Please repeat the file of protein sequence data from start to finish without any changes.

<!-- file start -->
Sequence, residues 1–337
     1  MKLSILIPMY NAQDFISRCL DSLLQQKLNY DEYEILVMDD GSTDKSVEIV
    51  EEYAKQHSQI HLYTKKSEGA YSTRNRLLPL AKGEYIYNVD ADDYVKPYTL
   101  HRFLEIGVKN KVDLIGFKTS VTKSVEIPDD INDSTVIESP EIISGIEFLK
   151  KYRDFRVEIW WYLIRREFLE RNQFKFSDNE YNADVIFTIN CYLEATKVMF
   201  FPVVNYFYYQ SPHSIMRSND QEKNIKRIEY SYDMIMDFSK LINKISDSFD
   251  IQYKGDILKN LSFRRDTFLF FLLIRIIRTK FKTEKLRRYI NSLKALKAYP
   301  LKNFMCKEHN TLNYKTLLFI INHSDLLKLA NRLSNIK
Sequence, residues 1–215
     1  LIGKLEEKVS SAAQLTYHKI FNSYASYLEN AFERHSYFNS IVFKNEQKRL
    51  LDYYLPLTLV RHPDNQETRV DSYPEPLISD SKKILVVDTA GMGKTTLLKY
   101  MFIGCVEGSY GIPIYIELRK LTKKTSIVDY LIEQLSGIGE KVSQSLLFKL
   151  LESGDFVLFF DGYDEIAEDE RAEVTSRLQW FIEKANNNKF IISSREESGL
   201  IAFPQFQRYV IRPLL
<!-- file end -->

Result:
Sequence, residues 1–337
     1  MKLSILIPMY NAQDFISRCL DSLLQQKLNY DEYEILVMDD GSTDKSVEIV
    51  EEYAKQHSQI HLYTKKSEGA YSTRNRLLPL AKGEYIYNVD ADDYVKPYTL
   101  HRFLEIGVKN KVDLIGFKTS VTKSVEIPDD INDSTVIESP EIISGIEFLK
   151  KYRDFRVEIW WYLIRREFLE RNQFKFSDNE YNADVIFTIN CYLEATKVMF
   201  FPVVNYFYYQ SPHSIMRSND QEKNIKRIEY SYDMIMDFSK LINKISDSFD
   251  IQYKGDILKN LSFRRDTFLF FLLIRIIRTK FKTEKLRRYI NSLKALKAYP
   301  LKNFMCKEHN TLNYKTLLFI INHSDLLKLA NRLSNIK
Sequence, residues 1–215
     1  LIGKLEEKVS SAAQLTYHKI FNSYASYLEN AFERHSYFNS IVFKNEQKRL
    51  LDYYLPLTLV RHPDNQETRV DSYPEPLISD SKKILVVDTA GMGKTTLLKY
   101  MFIGCVEGSY GIPIYIELRK LTKKTSIVDY LIEQLSGIGE KVSQSLLFKL
   151  LESGDFVLFF DGYDEIAEDE RAEVTSRLQW FIEKANNNKF IISSREESGL
   201  IAFPQFQRYV IRPLL